Canada’s Start-Up Visa Program Takes Aim At Silicon Valley – Canadian Immigration News
Jason Kenney, Canada’s Citizenship & Immigration Minister, recently returned from a trip to California’s Silicon Valley, a world-leading hub for high-tech innovation and development. The purpose of the trip was to promote the new Canada Start-Up Visa Program, designed to bring entrepreneurs, and their business ideas, to Canada. This new Canadian immigration program aims to bolster Canada’s already formidable tech industry by bringing new businesses, jobs and high-quality talent to the Canadian economy.
The Start-Up Visa Program enables Canadian private sector organizations to connect with a broader group of entrepreneurial talent, to facilitate start-up and expansion operations. The program is designed to help skilled, foreign entrepreneurs permanently establish themselves in Canada. The new Canadian Start-Up Visa Program also hopes to persuade non-citizen entrepreneurs facing visa expiration in the US, and other countries, to immigrate to Canada instead of returning home. Many are saying this is the first time Canada has clearly beaten the United States to the punch with regards to the development of entrepreneur-based immigration policy.
While in California the Minister attended the TiEcon 2013, the largest entrepreneur conference in the world. He also spoke at Stanford University, where he encouraged scholars, researchers and students to explore their options under the Canada Start-Up Visa. He subsequently spoke at an event hosted by the Silicon Valley Business Journal.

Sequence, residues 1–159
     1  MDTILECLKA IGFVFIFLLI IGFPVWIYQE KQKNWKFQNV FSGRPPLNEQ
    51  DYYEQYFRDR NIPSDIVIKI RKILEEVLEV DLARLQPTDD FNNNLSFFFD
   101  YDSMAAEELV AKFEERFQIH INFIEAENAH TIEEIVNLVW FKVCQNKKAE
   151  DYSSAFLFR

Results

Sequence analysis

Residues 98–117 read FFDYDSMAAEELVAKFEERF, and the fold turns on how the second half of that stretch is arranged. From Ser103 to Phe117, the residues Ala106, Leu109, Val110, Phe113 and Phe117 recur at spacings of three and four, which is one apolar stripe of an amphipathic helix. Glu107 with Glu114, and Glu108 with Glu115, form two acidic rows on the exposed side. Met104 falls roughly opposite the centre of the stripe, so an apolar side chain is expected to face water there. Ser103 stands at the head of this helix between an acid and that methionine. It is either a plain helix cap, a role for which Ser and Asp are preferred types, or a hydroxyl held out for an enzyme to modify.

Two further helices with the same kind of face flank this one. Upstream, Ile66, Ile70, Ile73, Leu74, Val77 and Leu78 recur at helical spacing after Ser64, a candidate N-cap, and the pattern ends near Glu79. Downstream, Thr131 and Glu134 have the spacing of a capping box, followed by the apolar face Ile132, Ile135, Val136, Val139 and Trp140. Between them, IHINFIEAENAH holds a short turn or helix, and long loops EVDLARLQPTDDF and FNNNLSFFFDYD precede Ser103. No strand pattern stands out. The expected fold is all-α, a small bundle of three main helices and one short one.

Minister Kenney met with influential players from the start-up and tech communities, to promote the Canadian Start-Up Visa Program and highlight the selling points that make Canada such an attractive place to start a new business. Representatives of business accelerators, start-up companies, immigration lawyers, angel investors and other businesspersons, were all on-hand to discuss the parameters and opportunities of Canadian Immigration’s new Start-Up Visa Program.
Minister Kenney explained that in order to successfully apply to the Start-Up Visa Program, candidates must solicit a government designated Canadian angel investor, or venture capitalist, that is willing to invest in their business. He reiterated that the new Canadian immigration program is designed to attract the best and brightest from around the world. The Minister discussed the significant demand expected for the new Start-Up Visa and cited low taxes, low operating costs, a high quality of life, and Canada’s strong economy as some of the reasons people are flocking to the new Start-Up Visa.
The Canada Start-Up Visa Program, which began accepting applications April 1, 2013, is an example of the government’s dedication to ensuring Canada’s immigration model evolves to continually meet its economic needs. The Start-Up Visa is the first of its kind in the world, and can be touted as yet another example of Canada’s innovative immigration policy. The Start-Up Visa Program is set to remain open for at least 5 years, at which point Canadian immigration officials will reassess the merits of the program.
For more information on the Start-Up Visa Program, contact a Canadian immigration lawyer at First Immigration Law Firm